Gandhi’s ideas of non-violence and satyagraha resonated deeply with the young revolutionary. However, it is his engagement with the Swadeshi movement – the economic strategy aimed at removing the British Empire from power and improving economic conditions in India by following strategies involving boycott of British goods and revival of goods and processes national production companies – which had the most impact. influence on him.
He has participated in multiple protests organized by freedom fighters against the import of foreign-made fabrics. In fact, Bābu’s legacy as a revolutionary freedom fighter stems from the price he ultimately paid to defend the Swadeshi movement.
“He [ Bābu] understood that the geostrategic interests of British rule in India. He knew that economics was the engine of British rule; the establishment of the British Raj was only a ruse to perpetuate the economic dominance of the British over India. It was in this context that Bābu Genu understood the socio-economic and political arguments advanced by Gandhi and its significance. This meant that if British rule were to be economically unsustainable, it would collapse as there would be virtually no incentive for the British to continue their rule in India. He knew that India’s economic independence was linked, intertwined and integrated with political independence,” writes Sri Kashmiri Lalmember of Swadeshi Jagran Manch.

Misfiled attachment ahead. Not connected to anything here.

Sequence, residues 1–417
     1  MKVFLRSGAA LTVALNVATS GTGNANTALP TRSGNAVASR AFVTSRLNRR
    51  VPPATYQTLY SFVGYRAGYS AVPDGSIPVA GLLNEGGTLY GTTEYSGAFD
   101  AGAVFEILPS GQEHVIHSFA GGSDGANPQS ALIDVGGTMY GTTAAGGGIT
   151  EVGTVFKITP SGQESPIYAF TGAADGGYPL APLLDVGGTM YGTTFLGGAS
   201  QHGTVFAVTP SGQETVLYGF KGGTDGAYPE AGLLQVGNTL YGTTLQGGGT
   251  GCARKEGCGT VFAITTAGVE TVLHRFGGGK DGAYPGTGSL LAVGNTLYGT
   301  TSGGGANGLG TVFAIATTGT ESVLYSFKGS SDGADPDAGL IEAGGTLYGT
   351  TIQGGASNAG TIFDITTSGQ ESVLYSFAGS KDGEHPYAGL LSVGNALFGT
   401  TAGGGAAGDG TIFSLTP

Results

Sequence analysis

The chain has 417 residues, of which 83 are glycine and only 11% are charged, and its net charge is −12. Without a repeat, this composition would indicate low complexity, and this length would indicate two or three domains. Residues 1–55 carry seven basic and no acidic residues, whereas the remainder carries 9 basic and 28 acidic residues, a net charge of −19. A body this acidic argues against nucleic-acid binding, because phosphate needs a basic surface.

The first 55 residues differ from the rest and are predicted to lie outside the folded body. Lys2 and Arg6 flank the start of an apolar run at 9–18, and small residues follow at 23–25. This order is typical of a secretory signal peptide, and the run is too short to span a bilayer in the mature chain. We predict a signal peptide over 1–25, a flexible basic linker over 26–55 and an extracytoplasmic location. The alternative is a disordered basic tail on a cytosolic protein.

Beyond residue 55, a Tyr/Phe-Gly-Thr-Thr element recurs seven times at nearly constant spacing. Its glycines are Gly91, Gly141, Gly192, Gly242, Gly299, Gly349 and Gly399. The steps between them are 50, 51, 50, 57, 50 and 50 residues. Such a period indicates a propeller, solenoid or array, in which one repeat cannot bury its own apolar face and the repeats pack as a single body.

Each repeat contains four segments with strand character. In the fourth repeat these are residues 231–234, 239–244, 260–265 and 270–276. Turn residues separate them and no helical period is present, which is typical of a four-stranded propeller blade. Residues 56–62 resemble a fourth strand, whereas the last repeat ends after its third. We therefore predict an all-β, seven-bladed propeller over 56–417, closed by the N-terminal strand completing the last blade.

Understanding these dynamics, on December 12, 1930, Bābu and his fellow freedom fighters organized a protest against the transport of a truck carrying foreign-made fabrics through the Kalbadevi region.
Manchester cloth merchant George Frazier, who owned the shipment of overseas-made clothes, was protected by British police.
“They were protesting by prostrating themselves on the road, refusing to let a truck pass. Although there are different accounts of the precise events of the afternoon, the history books state that Genu was run over by a truck in a deliberate act of police brutality,” reports The Indian Express. Other accounts, however, present a fascinating but tragic sequence of events.